THEY’RE the most fearsome fan club of all.
Barry Manilow lovers are not called Fanilows for nothing, a fact I’ve learned to my cost this week.
The dedicated followers of the Mandy singer will follow him anyw h e r e , even to West End.
He doesn’t tour the UK often and, for seven years, they had to travel to Vegas to get their Barry fix.
So when he played Hampshire this week, nothing but a five star review would do.
But my review of the show was lukewarm, as was the weather and the reception he received at the Ageas Bowl last weekend.
Yes he did turn up on stage an hour late and, in my opinion, his voice did sound as though it had lost some of its sparkle.
Nevertheless, in my review of the show I had to agree that due to the crooner’s back catalogue few among the crowd of less than 10,000 went home disappointed.
But that didn’t stop Barry’s barmy army of followers turning me into public enemy number one and putting me at the top of their hit list.
Having enjoyed a 40-year career, most of Manilow’s fans are not as young as they were. But that hasn’t stopped them indulging in a spot of cyber bullying.
I’m beginning to understand what it feels like to be anyone who has vaguely upset or been involved with any member of One Direction.
A few Fanilows spent the bank holiday weekend abusing me for being appalling, disgusting and, the most original slight of all, a lazy journalist.
One fan in the US, who didn’t attend the concert, decided I, a complete stranger, was horrid, meanspirited and in a foul mood in a series of email rants.
But I stand by my comments, which were fair and reflected a night that wasn’t the brightest spot in my journalistic career.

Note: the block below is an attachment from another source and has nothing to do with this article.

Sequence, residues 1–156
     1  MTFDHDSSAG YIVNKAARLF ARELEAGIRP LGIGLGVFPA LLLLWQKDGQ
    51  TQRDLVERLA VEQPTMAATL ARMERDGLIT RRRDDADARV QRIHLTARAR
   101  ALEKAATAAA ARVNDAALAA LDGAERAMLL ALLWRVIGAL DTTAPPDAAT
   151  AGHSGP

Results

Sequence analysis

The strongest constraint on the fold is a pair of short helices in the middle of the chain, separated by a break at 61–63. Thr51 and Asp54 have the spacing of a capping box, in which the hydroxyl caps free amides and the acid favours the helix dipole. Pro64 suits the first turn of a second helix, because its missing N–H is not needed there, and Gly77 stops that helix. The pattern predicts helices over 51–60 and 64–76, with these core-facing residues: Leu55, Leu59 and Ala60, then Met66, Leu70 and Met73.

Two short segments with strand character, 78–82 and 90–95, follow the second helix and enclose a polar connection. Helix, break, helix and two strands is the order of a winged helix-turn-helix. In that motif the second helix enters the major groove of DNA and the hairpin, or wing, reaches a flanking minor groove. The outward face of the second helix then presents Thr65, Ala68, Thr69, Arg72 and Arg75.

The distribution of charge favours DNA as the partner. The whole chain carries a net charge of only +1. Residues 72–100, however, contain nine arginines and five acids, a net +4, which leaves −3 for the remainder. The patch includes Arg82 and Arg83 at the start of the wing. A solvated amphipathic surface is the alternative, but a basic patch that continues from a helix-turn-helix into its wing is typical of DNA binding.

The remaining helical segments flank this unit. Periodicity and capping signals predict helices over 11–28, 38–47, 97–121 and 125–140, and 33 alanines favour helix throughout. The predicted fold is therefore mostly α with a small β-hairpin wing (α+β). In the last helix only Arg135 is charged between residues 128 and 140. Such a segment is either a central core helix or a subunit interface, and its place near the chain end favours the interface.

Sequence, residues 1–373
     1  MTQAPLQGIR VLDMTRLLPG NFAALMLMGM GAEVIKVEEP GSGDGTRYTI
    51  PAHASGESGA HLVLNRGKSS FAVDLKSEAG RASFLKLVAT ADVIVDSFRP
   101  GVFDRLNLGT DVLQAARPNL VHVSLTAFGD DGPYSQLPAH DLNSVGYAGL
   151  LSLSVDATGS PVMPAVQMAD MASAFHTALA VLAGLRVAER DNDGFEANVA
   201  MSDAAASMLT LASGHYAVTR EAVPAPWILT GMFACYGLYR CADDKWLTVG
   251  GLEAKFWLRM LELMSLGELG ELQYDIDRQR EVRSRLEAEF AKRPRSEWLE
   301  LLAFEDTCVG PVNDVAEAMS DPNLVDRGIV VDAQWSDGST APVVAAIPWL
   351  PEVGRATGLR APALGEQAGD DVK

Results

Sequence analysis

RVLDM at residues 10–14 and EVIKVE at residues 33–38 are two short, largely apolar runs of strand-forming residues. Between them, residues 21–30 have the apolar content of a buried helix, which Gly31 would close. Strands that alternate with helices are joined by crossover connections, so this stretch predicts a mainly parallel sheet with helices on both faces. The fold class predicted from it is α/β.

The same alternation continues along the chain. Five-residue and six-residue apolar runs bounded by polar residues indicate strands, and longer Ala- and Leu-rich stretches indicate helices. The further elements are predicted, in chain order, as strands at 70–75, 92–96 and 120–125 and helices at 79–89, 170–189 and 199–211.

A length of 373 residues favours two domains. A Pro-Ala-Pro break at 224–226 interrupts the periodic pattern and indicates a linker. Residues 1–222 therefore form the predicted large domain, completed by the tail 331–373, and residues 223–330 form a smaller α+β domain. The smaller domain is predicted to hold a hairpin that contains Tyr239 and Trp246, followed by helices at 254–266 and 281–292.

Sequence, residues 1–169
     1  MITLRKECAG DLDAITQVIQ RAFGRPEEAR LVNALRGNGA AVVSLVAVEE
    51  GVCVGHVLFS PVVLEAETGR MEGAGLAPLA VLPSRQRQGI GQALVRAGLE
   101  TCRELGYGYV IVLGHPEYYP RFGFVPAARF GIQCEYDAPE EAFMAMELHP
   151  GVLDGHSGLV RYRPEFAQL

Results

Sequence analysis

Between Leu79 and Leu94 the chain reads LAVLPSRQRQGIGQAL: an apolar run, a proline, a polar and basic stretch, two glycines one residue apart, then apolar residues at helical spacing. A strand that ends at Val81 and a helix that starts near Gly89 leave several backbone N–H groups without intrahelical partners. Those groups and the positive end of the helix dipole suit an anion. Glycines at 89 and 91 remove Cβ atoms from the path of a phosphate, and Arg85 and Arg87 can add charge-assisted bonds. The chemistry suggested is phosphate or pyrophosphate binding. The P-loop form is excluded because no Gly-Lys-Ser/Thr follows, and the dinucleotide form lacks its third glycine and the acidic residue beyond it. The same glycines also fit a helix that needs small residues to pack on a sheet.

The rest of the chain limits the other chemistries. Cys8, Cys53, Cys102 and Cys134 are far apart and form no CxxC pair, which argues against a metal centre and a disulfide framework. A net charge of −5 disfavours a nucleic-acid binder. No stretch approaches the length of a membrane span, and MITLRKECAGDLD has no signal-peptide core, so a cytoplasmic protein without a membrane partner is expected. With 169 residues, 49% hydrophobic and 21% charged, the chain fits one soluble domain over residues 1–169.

Manilow has sold 76 million records, although only Fanilows admit to buying them. But, I was curious, as I am whenever a showbiz legend turns up on my doorstep.
He is wary of writers, refusing all review tickets in a move which I’ve only encountered on one other occasion – for Meatloaf, who had a terrible time at Broadlands six years ago. I wondered what he was so afraid of ?
The event’s press office offered to sneak me into the photographers pit but, wanting to get a better view of what was on offer, I decided to snap up some cut price Groupon tickets for £22.50 each.
There was organised chaos outside with long queues snaking back from the box office in heavy rain as the support act took to the stage.
At last we get into the venue, very late, so some of the Fanilows were cross. But not with Barry, for he can do no wrong.
Due to the poor turnout – I estimate between 7,000 to 8,000 – the stage had been moved and some top price seats on the pitch in the rain had been double booked. Luckily, the cheap seats were under cover.
When the rain died down and Manilow finally took to the stage more than an hour late according to the timings I was handed (45 minutes according to another schedule published) he spent much of the show bemoaning the British weather.
What had promised to be a washout though improved significantly with a shorter than expected one and a quarter hour selection of hits from his back catalogue.
He certainly entertained.
Some loved it, rushing forwards with their glowsticks held aloft to Could It Be Magic, others hated it, booing his late appearance and groaning at his joke British summertime version of Santa Claus Is Coming To Town.
I could have been a great deal harsher, but I’m always keen to be fair to both the performer, who is giving their all on stage, and the audience, who have shelled out their hard-earned cash for tickets.
And anyway, it’s only my opinion.
My experience of Manilow Mania has not made me want to sign up immediately for the Barry Manilow International Fan Club, UK branch any time soon.
In fact, if I ever hear Copacabana again, I might just scream.